5 tips for switching to a new EHR
Healthcare providers looking to replace their electronic health record platforms are in the majority these days.
Several strategic factors are driving EHR replacement trends. With the passing of the HITECH Act in 2009, a number of EHR start-ups quickly entered the market without the necessary depth and breadth to support big-picture industry goals.
Medical practices, likewise, selected technology primarily to receive federal incentive dollars, deploying limited infrastructures without a clear long-term strategy. As these organizations aim to make the shift from volume to value, they are starting to recognize they need more powerful and comprehensive EHR technology to be successful. Top-line functionality to consider includes accountable care, meaningful use, as well as robust project and change management.
Moving forward, organizations must think about how their EHR can guide them through a complex and changing future. Here are five tips for accomplishing that:
1. Allocate adequate resources. Don't skimp on finances and expertise to ensure that fundamental systems -- care documentation, coding, billing and so on -- remain intact while improvements support emerging needs, such as population health management programs, capturing total cost of care of certain populations or employing predictive analytics based on risk-analysis.
2. Leverage and build on lessons learned from the first EHR investment. Today, buyers and users at healthcare organizations are more sophisticated and have witnessed first-hand what technology can do to the practice of medicine -- both good and bad. Practices should seize the opportunity to apply lessons learned and be more intentional when selecting and onboarding new solutions.
3. Vet new EHR technology. This must involve actively seeking provider feedback and buy-in. Physicians should take a hard look at processes and align EHR strategies to improve workflows -- a step often skipped in prior EHR implementations. Often, when end-users are engaged and have the opportunity to offer input from selection to go-live, the rates of adoption and effectiveness rise exponentially, better positioning the organization for longer-term success.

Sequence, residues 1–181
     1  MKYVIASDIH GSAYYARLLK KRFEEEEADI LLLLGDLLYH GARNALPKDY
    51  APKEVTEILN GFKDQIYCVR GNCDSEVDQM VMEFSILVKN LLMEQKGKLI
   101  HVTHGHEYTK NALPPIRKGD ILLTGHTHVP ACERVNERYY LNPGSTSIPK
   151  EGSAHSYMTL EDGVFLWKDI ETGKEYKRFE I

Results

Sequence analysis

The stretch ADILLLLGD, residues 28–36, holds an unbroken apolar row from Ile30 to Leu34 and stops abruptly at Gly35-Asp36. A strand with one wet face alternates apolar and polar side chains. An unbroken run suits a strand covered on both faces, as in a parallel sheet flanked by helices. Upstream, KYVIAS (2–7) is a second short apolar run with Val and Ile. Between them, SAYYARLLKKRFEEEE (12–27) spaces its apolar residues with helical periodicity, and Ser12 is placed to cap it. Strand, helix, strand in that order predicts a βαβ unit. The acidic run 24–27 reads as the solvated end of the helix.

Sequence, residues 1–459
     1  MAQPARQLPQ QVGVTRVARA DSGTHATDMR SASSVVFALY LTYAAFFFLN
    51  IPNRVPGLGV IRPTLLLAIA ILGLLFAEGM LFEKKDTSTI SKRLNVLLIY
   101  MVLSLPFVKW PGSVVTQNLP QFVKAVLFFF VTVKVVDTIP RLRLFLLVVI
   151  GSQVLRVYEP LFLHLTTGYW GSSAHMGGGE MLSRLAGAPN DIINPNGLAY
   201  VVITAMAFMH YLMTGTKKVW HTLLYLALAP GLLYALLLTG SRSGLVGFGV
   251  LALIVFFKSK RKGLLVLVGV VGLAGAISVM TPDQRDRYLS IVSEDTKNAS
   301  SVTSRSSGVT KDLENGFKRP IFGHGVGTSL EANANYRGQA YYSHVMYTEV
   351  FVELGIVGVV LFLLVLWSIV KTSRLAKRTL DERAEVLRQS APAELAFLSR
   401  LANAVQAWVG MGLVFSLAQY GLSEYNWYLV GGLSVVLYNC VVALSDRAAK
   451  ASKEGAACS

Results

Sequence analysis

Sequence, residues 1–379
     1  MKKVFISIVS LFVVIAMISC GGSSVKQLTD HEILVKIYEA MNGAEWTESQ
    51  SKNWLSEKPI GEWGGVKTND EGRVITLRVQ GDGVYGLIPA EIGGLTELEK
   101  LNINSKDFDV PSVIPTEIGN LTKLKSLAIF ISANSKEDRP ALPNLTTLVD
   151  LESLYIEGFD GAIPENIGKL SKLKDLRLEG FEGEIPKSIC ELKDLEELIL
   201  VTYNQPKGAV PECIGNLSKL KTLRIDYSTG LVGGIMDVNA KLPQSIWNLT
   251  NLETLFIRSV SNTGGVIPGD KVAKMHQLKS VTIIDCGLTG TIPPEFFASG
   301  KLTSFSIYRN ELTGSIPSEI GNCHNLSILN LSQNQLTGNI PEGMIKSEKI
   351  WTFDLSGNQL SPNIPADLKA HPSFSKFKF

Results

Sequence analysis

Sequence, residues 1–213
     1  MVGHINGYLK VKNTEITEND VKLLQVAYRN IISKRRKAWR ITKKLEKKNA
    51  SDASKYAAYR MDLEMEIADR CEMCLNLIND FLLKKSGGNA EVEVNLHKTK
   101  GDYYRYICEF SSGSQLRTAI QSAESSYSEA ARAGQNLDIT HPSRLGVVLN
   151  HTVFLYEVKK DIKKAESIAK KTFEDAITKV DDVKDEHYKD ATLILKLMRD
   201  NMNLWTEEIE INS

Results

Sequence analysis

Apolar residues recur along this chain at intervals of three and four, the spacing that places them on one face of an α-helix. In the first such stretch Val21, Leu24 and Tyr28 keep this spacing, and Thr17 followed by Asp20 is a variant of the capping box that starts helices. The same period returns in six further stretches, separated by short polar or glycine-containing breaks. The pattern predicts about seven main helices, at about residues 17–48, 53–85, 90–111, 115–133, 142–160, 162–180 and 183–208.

4. Employ a prescriptive methodology should around usage. Many legacy EHRs made their mark with early adopters by allowing organizations to implement a variation based on individual clinician preferences that appealed to a wide range of providers instead of a best-practices methodology. In the value-based landscape, minimizing variances in care becomes more critical to ensure consistent quality while keeping costs in check. Consequently, organizations should become prescriptive in their approach to EHR use. By implementing best practices across an organization, a facility can not only realize more reliable care but also better capture the entire patient experience.
5. Consider the business side. Risk contract management, revenue cycle operations, patient collections, they all matter. Keep business functions responsive and nimble to keep pace with emerging regulations, developing requirements and new strategies.
Retiring an old solution and onboarding a new one can be expensive and resource-intensive. Choosing technology wisely from the outset, and making sure it's used properly, will enable organizations to better plan for and leverage platforms for future initiatives.
Monte Sandler is executive vice president of RCM and Michael Lovett is executive vice president and general manager at NextGen Healthcare.